Athletes honing mental approaches for competitive edge

NORTH SHELBY – As sports psychology becomes more mainstream, local business The MindSide remains on the cutting edge of helping athletes perform at their best.

McCabe

The MindSide was founded in 2011 by Dr. Bhrett McCabe, and in 2012 the business moved into its current location at 7350 Cahaba Valley Road Suite 103 in North Shelby County.

Sports psychology is becoming more common and transitioning away from a corrective approach, McCabe said.

“We’re seeing a pretty dramatic shift,” he said. “What we want to do is make this more constructive. You don’t have to have an issue to come in and see us.”

McCabe, a former baseball player at LSU who enjoys golf, said fellow golfers were among his first clients and are still one of his specialties.

Noteworthy clients include golfers Graeme McDowell, Harris English, Brian Harman and Hudson Swafford, and NFL player Kevin Minter.

Sports teams from the University of Alabama, Birmingham-Southern College, UAB, the University of Montevallo and Jacksonville State University, among others, have also taken advantage of services offered by the MindSide.

McCabe authored “The MindSide Manifesto: The Urgency to Create a Competitive Mindset” and has provided insight for GOLF Magazine, ESPNW, The Golf Channel’s Morning Drive and The Paul Finebaum Show among other media outlets.

Services offered at the MindSide are not exclusive to professional or even collegiate athletes.

High school and youth teams and individuals are among the list of clients, and the MindSide team can even help athletes as young as pre-teens.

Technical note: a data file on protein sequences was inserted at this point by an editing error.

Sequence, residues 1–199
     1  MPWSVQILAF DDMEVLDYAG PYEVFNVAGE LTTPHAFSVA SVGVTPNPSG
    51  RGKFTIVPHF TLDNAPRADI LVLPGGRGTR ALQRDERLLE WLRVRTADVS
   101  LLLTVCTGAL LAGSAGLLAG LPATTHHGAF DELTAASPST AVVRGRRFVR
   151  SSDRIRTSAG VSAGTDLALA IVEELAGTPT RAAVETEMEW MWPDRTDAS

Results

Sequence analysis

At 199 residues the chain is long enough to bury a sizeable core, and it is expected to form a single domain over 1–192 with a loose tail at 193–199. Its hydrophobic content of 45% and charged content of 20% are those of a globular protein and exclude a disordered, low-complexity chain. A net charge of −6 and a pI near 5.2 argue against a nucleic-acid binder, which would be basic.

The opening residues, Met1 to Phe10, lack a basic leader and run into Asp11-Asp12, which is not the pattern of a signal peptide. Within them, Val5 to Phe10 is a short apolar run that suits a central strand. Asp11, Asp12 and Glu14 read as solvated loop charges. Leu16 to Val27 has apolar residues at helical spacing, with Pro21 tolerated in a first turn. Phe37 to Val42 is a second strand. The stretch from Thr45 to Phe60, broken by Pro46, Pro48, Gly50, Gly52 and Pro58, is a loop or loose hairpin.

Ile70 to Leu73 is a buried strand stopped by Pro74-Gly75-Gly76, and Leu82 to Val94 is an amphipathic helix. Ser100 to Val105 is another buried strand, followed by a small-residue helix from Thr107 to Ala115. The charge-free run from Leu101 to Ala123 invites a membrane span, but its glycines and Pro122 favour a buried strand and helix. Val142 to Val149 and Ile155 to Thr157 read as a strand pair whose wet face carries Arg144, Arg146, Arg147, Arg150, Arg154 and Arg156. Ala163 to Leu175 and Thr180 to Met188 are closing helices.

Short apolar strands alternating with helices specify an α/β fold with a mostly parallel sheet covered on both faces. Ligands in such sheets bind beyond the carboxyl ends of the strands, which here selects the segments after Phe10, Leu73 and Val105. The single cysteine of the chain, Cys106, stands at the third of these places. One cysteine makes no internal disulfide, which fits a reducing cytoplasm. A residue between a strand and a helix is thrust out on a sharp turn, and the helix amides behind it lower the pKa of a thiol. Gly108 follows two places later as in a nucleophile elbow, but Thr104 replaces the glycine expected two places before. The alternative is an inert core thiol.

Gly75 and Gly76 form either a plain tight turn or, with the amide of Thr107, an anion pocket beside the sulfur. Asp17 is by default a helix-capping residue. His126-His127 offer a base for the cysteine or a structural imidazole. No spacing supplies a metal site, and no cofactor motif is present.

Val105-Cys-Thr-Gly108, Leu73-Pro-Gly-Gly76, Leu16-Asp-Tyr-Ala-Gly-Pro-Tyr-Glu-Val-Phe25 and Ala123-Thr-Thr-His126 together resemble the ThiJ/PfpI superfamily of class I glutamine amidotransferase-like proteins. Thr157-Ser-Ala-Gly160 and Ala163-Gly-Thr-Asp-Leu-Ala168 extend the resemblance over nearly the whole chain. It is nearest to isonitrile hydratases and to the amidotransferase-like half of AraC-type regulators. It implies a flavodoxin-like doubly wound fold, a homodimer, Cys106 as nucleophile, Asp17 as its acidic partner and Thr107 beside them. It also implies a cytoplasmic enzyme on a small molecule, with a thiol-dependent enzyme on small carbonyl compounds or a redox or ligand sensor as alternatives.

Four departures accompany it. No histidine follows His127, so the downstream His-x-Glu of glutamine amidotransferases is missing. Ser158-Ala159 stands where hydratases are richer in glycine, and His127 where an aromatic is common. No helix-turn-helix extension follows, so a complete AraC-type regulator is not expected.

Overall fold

“One of the demographics we didn’t expect is the amateur golfer,” McCabe said. “It’s fun because it’s a different mindset. They’re trying to win their weekend games. They’re tired of getting beat. Performance is performance.”

The MindSide team recommends athletes come in for an initial assessment to determine “who they are and who they are under competition,” McCabe said.

A plan is then tailored to fit the athlete’s needs.

“We’re not a system-based program,” McCabe said. “We’re about people first.”

The MindSide can provide as much support as an athlete requires, from monthly sessions to regular communication.

“I’ve had professional motorcycle racers call me from the start line,” McCabe said. “Athletes like that access.”

Programs can also be based around a team.

McCabe estimates he sees more than 50 clients a week, and Mental Skills Consultant Meighan Julbert also keeps a full schedule.

Success can be difficult to measure in psychology, as McCabe said a common trap is measuring results in wins and losses. Instead, he focuses on what the athlete is trying to accomplish in the big picture.

McCabe said he has a standard response to people who ask about his services.

“Do they need a sports psychologist? No,” McCabe said. “Can they learn skills that will help them during competition? Yes. We sharpen the knife.”

For more information, visit TheMindSide.com or call 492-0234.